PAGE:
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Maintaining the life-training balance
Maintaining the life-training balance
This blog hopes to focus on the "life" side of the training-life balance that anyone training for triathlon will know can be difficult to juggle. No one really cares what interval set I ran today and how high my heart rate got so I won't try and impress anyone with those stats. Stats make the world go round though so for those who are interested I will have Garmin data available for each training session, most stats i throw around on a saturday night are made up, sadly thats not an option with the garmin so you can be assured at least that aspect of this blog will be honest.

NoRestDays Day 19 - New Experiences

malcolmclelandby malcolmclelandOct 21st 2012
No, this entry does not contain any references to any event on foreign soil, that's not to say it couldn't. I could easily write 21 blog entries about some of the new experiences we got in 19 days in Thailand, but since work colleagues may be reading some of these posts I need to try and salvage what's left of my reputation. I live by a general rule (exceptions definitely apply) where you've got to try everything at least once. This can lead to you saying "I'm never doing that again" or "Sh#t I'm glad I did that". Triathlons aren't to dissimilar, they are about pushing yourself to the absolute limit. During the race I can guarantee you're telling yourself you will never do one of these stupid #$!@#$%^& races again, yet a few seconds after crossing the finish line that will change to a "I can't wait to do that again" type attitude. I've always known I was an odd ball, I guess this just helps confirm it.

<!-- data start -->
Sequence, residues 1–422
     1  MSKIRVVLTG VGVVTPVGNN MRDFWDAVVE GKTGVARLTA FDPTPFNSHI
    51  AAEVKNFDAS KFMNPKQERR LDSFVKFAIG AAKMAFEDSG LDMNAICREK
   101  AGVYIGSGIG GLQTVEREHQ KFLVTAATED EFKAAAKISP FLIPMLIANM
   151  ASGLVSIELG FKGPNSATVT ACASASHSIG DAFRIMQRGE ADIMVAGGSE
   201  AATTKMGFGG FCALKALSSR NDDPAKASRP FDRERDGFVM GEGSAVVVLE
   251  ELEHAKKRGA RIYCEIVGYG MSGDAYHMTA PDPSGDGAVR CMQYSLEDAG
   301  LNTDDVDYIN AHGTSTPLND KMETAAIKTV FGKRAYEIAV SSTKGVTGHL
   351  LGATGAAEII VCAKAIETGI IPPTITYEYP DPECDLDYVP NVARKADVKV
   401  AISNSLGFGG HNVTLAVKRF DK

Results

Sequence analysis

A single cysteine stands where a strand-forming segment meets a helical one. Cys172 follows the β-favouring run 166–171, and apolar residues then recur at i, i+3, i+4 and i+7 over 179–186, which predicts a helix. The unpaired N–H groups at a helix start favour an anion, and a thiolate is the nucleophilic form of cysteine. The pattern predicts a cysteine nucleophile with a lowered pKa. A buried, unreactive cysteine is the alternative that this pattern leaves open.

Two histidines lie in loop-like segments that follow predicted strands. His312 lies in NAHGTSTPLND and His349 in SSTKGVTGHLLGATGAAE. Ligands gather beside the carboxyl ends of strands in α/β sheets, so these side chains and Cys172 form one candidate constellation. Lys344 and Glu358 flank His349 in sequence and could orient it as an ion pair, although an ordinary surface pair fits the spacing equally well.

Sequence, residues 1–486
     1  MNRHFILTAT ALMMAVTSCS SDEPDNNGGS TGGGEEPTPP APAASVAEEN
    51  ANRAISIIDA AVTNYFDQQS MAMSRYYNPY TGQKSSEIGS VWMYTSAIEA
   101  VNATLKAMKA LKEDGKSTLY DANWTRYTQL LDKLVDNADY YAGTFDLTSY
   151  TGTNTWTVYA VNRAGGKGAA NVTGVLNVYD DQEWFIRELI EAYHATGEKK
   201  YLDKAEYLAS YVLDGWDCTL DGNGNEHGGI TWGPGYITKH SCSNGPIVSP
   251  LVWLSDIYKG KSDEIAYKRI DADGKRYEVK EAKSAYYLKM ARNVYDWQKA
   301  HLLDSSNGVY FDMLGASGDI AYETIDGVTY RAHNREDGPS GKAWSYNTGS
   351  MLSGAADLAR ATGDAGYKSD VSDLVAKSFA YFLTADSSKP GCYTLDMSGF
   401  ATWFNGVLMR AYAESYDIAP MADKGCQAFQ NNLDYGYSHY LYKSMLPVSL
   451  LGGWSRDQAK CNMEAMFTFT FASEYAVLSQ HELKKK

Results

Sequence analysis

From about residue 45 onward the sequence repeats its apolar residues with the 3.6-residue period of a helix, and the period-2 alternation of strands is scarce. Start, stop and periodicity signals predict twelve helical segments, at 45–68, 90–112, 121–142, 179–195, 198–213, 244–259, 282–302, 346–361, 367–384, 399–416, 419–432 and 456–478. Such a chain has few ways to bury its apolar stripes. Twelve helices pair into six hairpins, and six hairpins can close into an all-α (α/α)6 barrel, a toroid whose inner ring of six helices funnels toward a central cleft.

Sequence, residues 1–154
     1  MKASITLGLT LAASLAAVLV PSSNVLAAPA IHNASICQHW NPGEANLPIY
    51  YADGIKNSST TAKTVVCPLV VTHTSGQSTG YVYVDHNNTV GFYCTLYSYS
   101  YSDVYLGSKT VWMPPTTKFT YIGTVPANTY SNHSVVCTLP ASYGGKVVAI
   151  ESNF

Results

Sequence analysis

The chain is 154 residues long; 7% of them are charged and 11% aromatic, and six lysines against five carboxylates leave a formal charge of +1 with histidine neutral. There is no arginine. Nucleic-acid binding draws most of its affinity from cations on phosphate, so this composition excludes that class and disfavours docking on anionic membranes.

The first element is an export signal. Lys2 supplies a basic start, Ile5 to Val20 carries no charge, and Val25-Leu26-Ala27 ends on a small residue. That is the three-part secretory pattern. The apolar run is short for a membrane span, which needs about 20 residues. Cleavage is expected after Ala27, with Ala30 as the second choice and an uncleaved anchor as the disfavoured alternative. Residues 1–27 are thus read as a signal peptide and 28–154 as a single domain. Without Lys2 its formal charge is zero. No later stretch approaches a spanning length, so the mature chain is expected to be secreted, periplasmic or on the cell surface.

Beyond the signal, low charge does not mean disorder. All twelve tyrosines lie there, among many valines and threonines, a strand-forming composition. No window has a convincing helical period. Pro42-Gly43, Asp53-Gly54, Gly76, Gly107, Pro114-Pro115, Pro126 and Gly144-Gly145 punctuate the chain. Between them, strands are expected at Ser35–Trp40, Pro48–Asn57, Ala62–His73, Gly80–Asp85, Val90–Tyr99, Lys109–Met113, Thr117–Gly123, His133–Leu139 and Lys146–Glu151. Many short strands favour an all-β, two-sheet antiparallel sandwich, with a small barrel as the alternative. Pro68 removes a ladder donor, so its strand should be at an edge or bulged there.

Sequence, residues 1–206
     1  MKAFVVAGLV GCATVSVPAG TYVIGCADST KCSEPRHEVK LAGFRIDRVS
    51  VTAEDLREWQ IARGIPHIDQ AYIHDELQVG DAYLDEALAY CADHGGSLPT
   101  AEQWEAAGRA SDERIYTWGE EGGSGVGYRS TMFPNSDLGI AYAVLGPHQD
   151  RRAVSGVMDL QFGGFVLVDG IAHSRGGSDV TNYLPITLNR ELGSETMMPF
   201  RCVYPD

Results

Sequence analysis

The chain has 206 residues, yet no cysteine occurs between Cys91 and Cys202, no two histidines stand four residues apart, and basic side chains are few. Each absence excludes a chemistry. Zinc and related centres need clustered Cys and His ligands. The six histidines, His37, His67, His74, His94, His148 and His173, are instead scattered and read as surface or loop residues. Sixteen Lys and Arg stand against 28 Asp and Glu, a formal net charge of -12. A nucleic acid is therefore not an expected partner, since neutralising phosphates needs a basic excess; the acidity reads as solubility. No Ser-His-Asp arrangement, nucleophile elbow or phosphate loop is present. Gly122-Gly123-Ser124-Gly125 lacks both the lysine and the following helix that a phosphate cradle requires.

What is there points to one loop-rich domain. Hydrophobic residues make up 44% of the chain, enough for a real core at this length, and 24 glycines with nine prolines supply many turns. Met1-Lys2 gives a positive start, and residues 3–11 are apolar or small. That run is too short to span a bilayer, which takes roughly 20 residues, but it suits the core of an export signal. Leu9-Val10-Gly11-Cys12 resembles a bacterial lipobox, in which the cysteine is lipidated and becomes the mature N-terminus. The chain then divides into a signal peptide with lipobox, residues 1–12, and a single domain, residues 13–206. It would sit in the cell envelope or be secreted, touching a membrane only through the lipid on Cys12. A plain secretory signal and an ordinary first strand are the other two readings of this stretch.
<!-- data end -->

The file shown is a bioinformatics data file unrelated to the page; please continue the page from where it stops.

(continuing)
On day 19 I woke up in Auckland, and then drove to Lake Tarawera near Rotorua to begin the long weekend. Just because I was on holiday doesn't mean I got a rest though, quite the opposite, and I went exploring on the tracks around the Blue Lake. Two laps of the lake later I was muddy and cold but loving life. We are privileged in New Zealand with the amazing outdoor environment on our doorstep, so the chance to go for an explore, get lost, get muddy and then arrive back at the car a couple of hours later is an experience I highly recommend. All up the run was near an hour long which I had to truncate due to a lack of light and pressing social engagements back at the batch we had hired. This little jog got me thinking of the Rotorua Marathon next year, maybe its time to finally man up?

My first ever open water ocean swim also coincided with my first ever Half Ironman. Nothing like adding a bit of risk to your life as they say. The phrase "What if..." is often used as an excuse to not do something. I take "what if" to be an opportunity rather than a problem. I see "what if I jump off this bridge into the lake below and there's something in the water?" more like this, "what if I don't jump off this bridge and then someone does it before me?" The answer is I'd be pis$ed off! If you're not first your last and being a copy cat earns you zero kudos. If people didn't give you credit for risking your life for their enjoyment then clearly the incentive just isn't as high. Reputation is something most males will go out of their way to preserve, a little bit like a B grade American movie based on a high school. This all sounds like hard work to me, I've got no issue with people seeing with sweat and snot all over my face at the end of a race, or being a source of ridicule for something I've said or done. I may not be a qualified pilot but I know where to find a good landing strip...

Garmin data below
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